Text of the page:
The six GFF core health financing indicators track changes to country budget and expenditures with a focus on health spending, to monitor the expected impact of increasing the total volume and value of funding allocated to health and nutrition. The GFF partnership supports financing reforms by engaging with ministries of finance and ministries of health to strengthen mobilization of domestic resources as well as allocative and technical efficiency. These indicators are tracked through country-specific data sources such as BOOST, NHA, and budget reports. Expenditure data are tracked through the Global Health Expenditure Database (GHED), for which data are available through the end of 2018. Through measurement of budgets and expenditures, the GFF partnership aims to accelerate the expansion of interventions that are high-impact, cost-effective, affordable, and feasible to accelerate progress on universal health coverage and in achieving SDG targets.
Survey and Estimated RMNCAH-N Coverage
The RMNCAH-N coverage data includes a standard set of 9 RMNCAH-N coverage indicators from available population-based surveys from 2010 to the most recent available survey. These indicators show progress towards key goals across maternal, child, and adolescent health and nutrition outcomes. Additional key nutrition-specific and/or education-specific coverage indicators are presented for countries where the GFF co-finances a nutrition-focused World Bank project or where education is a strong focus of the IC.
The RMNCAH-N coverage data are sourced from the most recent available population-based surveys. Data on immunization are presented from the WHO/UNICEF joint reporting process and recent population-based surveys.
Resource mapping is a key component of the GFF approach. The resource mapping exercise helps countries assess funding gaps, align donor and government resources, and improve the efficiency and equity of health spending. Resource mapping data for each country varies based on whether countries have completed one or more resource mapping exercises.
Uganda’s investment case for the RMNCAH Sharpened Plan spans over the period from FY 2016/17 through 2019/20. In 2018/19, the Ministry of Health conducted a resource mapping of the IC looking at source of funding and funding gap at national and decentralized levels. Overall, the exercise shows the IC funding gap decreased over time from 46% to 29% between 2017/18 and 2019/2020, thanks to increased donor contribution: donors funded 48% of the IC cost in 2017/2018, which jumped to 65% in 2019/20. This rise was mainly driven by increased contributions from GAVI, GFTAM, and the World Bank/ GFF. Because the cost of implementing the IC increased between 2017/18 and 2019/2020, government contribution remained the same over time in relative terms, but did increase in absolute terms between 2017/18 and 2019/20. The government of Uganda is preparing its new IC and result of the previous resource mapping will help the Ministry of Health in prioritizing interventions to improve the DRM agenda in the policy dialogue with the Ministry of Finance.
Monitoring The Country-led Process
The GFF Logic Model highlights key elements of a GFF co-financed country-led process that contribute to the expected impact of improved RMNCAH-N outcomes over time. The GFF has developed a core set of indicators to monitor implementation of the GFF approach, considered as inputs and activities in the model, that emphasize prioritization and alignment to capitalize on efficiencies to improve transparency and accountability as well as health outcomes. Process monitoring includes tracking investment case development, country stakeholder engagement, health financing and the inclusion of gender and equity approaches.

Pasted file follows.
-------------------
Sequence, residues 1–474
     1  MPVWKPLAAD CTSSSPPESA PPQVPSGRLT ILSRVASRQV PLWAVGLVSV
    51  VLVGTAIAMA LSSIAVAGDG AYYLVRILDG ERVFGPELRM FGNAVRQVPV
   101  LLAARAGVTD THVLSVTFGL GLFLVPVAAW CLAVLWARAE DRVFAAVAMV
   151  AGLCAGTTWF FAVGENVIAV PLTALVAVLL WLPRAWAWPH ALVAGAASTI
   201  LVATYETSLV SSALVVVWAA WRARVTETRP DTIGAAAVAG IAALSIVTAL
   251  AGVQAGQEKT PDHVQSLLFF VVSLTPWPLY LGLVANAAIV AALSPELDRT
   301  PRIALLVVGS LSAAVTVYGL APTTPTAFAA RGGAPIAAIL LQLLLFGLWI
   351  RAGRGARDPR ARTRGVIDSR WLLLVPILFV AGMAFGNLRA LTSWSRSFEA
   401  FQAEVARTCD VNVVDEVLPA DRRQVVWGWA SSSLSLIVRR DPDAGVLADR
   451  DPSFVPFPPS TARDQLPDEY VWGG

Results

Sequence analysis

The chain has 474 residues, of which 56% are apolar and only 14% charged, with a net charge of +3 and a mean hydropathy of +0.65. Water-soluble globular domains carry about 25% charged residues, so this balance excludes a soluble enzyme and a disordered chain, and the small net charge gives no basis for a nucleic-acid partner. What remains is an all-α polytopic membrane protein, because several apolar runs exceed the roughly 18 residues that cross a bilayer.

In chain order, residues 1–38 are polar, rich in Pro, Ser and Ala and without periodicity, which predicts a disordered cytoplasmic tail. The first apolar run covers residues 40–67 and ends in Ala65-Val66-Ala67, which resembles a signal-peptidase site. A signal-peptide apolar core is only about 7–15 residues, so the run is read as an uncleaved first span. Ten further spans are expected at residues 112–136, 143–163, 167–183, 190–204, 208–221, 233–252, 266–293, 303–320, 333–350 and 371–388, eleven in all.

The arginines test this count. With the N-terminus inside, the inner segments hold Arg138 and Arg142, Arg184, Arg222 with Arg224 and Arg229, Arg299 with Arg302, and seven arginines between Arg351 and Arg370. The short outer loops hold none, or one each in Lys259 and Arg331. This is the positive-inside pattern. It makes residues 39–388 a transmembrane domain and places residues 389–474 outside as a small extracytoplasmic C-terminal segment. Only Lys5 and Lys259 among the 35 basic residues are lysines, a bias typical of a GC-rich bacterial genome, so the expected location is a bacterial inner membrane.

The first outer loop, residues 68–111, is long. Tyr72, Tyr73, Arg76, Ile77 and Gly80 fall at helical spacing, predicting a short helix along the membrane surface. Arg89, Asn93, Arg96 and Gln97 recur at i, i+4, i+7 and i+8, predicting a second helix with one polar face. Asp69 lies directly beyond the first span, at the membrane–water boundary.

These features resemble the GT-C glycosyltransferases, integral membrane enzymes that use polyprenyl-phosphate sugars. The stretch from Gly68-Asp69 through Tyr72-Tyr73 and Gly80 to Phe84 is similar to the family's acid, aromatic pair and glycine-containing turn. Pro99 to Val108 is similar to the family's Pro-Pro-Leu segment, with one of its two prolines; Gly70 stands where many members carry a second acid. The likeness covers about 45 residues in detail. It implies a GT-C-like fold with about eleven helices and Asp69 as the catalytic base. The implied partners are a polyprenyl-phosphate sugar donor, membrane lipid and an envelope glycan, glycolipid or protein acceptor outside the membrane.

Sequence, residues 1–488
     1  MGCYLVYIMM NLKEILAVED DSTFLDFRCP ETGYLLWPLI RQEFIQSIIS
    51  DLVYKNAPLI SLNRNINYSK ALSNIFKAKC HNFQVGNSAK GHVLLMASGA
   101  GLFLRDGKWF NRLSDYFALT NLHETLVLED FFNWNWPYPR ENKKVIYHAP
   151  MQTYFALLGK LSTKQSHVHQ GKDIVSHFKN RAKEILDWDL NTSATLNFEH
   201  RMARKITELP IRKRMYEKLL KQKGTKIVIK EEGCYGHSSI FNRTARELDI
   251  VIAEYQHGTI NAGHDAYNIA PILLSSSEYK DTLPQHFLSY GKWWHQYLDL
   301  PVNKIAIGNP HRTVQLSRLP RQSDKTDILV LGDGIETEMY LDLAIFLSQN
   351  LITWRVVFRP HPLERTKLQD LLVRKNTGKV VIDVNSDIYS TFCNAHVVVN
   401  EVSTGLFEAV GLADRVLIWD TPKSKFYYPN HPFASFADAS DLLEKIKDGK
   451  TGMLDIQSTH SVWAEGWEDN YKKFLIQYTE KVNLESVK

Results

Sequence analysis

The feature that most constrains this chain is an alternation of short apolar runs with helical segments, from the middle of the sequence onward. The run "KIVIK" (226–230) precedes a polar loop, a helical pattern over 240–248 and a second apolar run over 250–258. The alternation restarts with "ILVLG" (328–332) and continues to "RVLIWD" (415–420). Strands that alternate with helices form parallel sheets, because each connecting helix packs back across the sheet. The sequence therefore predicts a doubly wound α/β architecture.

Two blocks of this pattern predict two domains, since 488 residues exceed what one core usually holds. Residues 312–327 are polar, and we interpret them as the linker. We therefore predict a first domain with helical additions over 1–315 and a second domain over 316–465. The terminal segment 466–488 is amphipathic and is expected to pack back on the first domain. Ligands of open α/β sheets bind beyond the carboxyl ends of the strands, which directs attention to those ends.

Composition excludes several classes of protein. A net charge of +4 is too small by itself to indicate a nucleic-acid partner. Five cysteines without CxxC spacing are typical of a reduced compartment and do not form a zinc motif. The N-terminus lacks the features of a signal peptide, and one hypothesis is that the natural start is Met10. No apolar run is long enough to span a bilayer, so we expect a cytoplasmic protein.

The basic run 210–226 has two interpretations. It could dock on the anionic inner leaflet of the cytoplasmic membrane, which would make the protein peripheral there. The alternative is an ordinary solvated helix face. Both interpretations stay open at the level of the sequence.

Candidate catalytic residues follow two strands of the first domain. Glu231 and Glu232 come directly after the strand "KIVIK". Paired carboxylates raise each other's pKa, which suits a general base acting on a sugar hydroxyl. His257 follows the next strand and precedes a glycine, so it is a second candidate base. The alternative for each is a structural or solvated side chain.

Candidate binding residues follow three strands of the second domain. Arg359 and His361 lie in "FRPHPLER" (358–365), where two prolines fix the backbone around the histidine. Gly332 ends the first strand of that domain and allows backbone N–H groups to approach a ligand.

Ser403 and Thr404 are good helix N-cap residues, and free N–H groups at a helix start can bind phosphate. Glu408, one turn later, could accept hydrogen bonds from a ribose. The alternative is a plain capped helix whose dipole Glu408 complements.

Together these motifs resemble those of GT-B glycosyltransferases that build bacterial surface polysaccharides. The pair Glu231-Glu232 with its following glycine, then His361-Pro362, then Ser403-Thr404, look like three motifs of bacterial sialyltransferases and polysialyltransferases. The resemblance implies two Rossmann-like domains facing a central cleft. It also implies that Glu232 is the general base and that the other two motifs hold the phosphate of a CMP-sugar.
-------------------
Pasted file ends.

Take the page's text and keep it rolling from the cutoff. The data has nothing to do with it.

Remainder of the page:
The data in this section is provided for a selection of indicators from the Investment Case Results Framework, Health Financing priorities, and the World Bank Project as applicable. Please select indicators from the dropdown menu to view the data for each indicator. Where subnational data is available, the map will display subnational trends over time or the latest data available. Hovering over the map will display additional data for the select indicator. Clicking on a region will add it to the chart on the right. All data, including source information, may be downloaded by selecting the arrow to the right of the indicator dropdown menu.
Monitoring of Essential Health Services
The GFF supports routine monitoring of disruptions to essential health services. The essential health services data included in the graph below are sourced from country routine health information systems and shown monthly starting at the beginning of 2020. The analysis compared the observed service volume to what would have been expected had the pandemic not occurred, and reports the difference as a percentage. Positive values indicate a surplus of services, 0 indicates the expected level of services, and negative values indicate a lower volume than expected based on pre-pandemic values. In some countries, these changes in volume could be due to non-Covid-19 reasons.
The number of monthly deaths from Covid-19 is reported as a measure of the pandemic’s reach. The data on deaths from the Covid-19 pandemic were sourced from Johns Hopkins University (JHU) dashboards and compiled into monthly aggregates. The data used in this report were sourced 8/24/2021.